First University Member Tests Positive for Coronavirus


Courtesy of National Park Service

Courtesy of National Park Service

Grace Kennard Co-News Editor

At 11:00am EST students on Saturday, March 21, students, faculty and staff received an email from the Student Health Center announcing that a University student has tested positive for the coronavirus (COVID-19). The email was titled “COVID-19 Update” and was signed by Dr. Mary McGonigle, the Director of the Student Health Center.


“The student is resting comfortably at home with mild symptoms,” Dr. McGonigle wrote. “Although I am unable to provide specific details due to privacy laws, I can share with you that this individual departed campus and traveled home on March 15.”


It is unknown what grade the student is in or where the student resided on campus due to the privacy laws McGonigle cited. However, she reassured the community that all who came in close contact with the student have been alerted. “As per protocols from the Centers for Disease Control and Prevention (CDC) and the Pennsylvania Department of Health, close contacts of this student have been notified and advised to self-quarantine at home for 14 days and monitor for any symptoms, including fever higher than 100.4, cough and shortness of breath,” Dr. McGonigle wrote.


The email detailed the harsh reality that this will most likely not be the last case to affect the University community.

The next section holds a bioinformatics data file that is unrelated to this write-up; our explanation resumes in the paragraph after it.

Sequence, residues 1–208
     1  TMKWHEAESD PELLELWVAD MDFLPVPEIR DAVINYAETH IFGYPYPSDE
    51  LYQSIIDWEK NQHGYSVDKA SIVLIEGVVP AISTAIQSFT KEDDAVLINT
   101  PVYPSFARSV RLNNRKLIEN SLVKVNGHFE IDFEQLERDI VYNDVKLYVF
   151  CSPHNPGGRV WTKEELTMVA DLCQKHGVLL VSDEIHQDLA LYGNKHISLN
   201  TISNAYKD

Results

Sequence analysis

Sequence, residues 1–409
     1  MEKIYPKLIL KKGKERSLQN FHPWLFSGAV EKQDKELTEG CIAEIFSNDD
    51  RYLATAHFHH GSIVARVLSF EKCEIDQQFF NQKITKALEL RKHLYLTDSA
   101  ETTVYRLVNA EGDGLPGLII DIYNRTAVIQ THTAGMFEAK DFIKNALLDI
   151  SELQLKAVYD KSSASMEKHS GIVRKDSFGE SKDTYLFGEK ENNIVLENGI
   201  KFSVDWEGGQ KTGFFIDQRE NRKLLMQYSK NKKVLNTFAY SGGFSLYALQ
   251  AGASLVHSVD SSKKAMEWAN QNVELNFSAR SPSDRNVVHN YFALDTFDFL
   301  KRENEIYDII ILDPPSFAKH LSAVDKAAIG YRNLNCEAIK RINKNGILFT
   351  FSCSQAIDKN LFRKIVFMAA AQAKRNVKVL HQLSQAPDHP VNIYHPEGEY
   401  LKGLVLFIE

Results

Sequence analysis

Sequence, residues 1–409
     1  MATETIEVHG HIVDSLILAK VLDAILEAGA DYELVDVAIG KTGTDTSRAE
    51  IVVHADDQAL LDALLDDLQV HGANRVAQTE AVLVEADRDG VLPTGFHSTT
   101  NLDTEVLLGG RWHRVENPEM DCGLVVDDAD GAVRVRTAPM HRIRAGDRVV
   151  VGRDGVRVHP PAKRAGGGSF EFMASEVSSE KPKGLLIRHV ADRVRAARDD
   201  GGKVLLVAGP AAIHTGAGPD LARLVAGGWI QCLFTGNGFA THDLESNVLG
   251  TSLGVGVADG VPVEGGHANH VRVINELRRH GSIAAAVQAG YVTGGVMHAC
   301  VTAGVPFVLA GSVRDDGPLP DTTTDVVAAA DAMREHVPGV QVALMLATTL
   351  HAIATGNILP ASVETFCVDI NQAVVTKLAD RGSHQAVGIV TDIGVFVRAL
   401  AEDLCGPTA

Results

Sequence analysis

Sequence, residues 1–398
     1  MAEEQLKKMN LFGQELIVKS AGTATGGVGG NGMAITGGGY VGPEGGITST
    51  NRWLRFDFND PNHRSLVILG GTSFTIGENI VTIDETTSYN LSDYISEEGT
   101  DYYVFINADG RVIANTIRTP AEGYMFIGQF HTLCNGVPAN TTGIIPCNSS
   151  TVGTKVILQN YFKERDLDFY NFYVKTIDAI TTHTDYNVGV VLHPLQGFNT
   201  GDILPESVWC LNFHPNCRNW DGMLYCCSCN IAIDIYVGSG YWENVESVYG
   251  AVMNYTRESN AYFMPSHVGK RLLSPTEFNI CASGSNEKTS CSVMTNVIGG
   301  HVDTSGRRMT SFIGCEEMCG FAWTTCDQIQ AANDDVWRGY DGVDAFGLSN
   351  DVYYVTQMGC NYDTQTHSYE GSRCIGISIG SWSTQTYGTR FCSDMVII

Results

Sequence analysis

“Based on the rapidly evolving situation in the United States and around the world, we expect other cases of COVID-19 will arise in the Villanova community,” she wrote. “We ask everyone to continue to be vigilant and protect yourselves through frequent handwashing and avoiding touching your eyes, nose and mouth. At this critical time it is vitally important that we continue to practice social distancing to mitigate the spread of the virus.”


Dr. McGonigle echoed the calls of many public health and government officials by asking the community to social distance, a practice that requires staying at least six feet apart from others, and only leaving your home for necessary errands, naturally limiting the interactions with those outside of one’s immediate family. This is said to be very effective in suppressing the amount of new infections for communities and countries as a whole when strictly adhered to.


Across the nation, other schools have felt the impact of the novel coronavirus, regardless of switching to online classes and evacuating campuses. According to The Heights, the independent newspaper of Boston College, 10 students have self-reported cases of COVID-19 as of now. 


“Among the 10 self-reported cases are students who studied in Europe, students who lived off-campus and students who studied at BC this semester, according to the update,” The Heights reported. 

Washington University in St. Louis notified its community on Wednesday that two of its students had tested positive for COVID-19. “Those students are quarantining out of the state and did not return to campus after returning from their study abroad program ended,” the University stated.

McGonigle closed the email to the University by directing community members to contact the Student Health Center on campus with any questions or concerns. She wrote, “If you have any additional questions, please call 888-298-1964 between the hours of 9 a.m. and 8 p.m. EDT, Monday through Sunday, or email [email protected].”